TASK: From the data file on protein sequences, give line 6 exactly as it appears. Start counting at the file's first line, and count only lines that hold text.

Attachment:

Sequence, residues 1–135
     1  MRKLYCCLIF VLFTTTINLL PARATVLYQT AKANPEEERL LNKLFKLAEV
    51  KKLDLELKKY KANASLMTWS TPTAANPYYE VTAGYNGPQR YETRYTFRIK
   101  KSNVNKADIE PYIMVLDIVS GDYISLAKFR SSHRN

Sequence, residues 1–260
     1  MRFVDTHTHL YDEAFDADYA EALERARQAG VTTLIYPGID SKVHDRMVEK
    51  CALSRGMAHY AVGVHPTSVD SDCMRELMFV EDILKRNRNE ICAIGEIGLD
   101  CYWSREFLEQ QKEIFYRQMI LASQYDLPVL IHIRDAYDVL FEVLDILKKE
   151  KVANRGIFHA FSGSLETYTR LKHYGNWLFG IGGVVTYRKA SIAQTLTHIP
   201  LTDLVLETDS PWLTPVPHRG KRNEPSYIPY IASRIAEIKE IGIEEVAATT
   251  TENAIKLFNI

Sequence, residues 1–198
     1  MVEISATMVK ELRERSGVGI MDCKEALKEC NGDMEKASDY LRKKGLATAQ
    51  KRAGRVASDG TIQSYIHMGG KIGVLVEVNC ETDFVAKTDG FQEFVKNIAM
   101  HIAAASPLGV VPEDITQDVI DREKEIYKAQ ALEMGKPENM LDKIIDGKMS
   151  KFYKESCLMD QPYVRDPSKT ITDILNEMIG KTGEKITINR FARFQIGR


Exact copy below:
     1  MRFVDTHTHL YDEAFDADYA EALERARQAG VTTLIYPGID SKVHDRMVEK